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Sad is a bit of an understatement, to say the least. Hamlet expresses more rage, disgust, repugnance and bitterness at his mother's actions than sadness. At the very beginning of the play, he moans and groans about how Gertrude used to
"hang on [Hamlet's father] as if increase of appetite had grown by what it fed on: and yet, within a month...married with my uncle." (I.ii.143-151)
So, he is disgusted by his mother's quick marriage to his uncle after his father's death. He is confused, because she seemed so in love with his father, but only 4 weeks after he dies, she remarries. He calls this action "wicked", "incestuous", "unrighteous", and frail (I.ii.154-158). He is so angered by it that he tries to tell himself, "Let me not think on't" (I.ii.146) because it is so infuriating to him. Later, after the ghost visits him, he calls his mother a "most pernicious woman" (I.v.105), venting his anger once more. In her bedchambers after the play, he unleashes another rant, this time to her face, saying that what she had done "blurs the grace and blush of modesty" (III.iii.41) and goes on and on about how awful it is that she married so quickly to his uncle.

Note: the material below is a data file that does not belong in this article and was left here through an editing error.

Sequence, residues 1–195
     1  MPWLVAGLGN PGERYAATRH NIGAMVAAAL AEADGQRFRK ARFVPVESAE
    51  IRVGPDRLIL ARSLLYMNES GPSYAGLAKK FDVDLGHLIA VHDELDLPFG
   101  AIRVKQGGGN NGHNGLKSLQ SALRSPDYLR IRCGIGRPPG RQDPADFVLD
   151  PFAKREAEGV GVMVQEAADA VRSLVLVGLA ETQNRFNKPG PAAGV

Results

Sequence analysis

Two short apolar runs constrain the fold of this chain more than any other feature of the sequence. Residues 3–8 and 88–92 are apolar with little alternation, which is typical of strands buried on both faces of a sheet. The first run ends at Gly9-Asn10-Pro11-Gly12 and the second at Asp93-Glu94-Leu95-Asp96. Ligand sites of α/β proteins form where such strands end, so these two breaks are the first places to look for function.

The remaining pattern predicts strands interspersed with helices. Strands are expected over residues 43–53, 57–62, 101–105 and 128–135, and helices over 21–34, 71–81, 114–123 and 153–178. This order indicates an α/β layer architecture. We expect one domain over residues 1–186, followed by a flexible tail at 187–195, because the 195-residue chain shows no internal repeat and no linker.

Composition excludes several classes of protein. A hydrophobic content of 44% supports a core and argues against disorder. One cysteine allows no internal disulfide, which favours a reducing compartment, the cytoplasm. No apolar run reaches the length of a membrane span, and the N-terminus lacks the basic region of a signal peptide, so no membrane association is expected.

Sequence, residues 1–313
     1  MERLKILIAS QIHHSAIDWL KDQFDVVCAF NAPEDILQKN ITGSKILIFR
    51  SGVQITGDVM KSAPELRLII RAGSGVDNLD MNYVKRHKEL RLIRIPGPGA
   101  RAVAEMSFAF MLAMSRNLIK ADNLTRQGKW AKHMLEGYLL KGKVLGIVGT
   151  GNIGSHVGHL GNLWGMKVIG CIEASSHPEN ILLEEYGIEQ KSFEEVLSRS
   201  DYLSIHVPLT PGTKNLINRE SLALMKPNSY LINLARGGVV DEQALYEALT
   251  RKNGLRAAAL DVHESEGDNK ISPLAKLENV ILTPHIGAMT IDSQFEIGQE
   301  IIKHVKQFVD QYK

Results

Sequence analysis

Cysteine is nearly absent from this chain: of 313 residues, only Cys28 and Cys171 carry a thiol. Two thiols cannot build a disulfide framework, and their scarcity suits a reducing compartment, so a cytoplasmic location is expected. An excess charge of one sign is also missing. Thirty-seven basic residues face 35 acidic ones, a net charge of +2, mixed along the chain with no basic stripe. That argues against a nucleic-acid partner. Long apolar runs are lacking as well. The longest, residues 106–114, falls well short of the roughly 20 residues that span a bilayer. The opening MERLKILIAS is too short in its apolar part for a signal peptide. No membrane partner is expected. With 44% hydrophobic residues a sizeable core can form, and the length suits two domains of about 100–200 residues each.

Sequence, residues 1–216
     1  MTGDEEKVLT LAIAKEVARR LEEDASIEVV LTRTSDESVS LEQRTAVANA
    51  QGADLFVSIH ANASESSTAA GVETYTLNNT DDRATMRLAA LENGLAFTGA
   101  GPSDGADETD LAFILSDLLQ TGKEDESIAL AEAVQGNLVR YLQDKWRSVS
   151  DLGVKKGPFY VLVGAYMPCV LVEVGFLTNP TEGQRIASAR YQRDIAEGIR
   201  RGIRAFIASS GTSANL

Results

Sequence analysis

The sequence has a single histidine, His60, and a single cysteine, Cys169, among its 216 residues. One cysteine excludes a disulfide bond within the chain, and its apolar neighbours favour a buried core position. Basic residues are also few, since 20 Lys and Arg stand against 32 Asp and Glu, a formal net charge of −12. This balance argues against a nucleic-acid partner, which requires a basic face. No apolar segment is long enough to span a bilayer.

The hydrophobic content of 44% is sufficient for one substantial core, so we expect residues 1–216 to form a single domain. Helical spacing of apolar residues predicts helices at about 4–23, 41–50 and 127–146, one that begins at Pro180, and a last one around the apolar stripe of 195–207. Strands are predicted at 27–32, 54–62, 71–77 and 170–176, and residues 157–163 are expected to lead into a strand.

In more broad terms, Hamlet is upset because her marrying so quickly makes it seem like she really didn't love his father; it is a disrespect to the great man that he was. It is her basically saying, "Eh. He was nice, but, not worth mourning over." He is insulted for his father. Then, for her to marry his father's brother, he is even more disgusted, because to him, they were related. He calls it incest, even though it isn't technically correct. He just finds Claudius to be inferior in every way compared to his father, and for Gertrude to marry him is just insulting and gross. By all accounts, she seems completely happy in her new role as wife to Claudius; she teams up with him, urging Hamlet to stop mourning. She is happy at feasts and in public gatherings. All of this rankles Hamlet, and just adds fuel to the fire of his anger.
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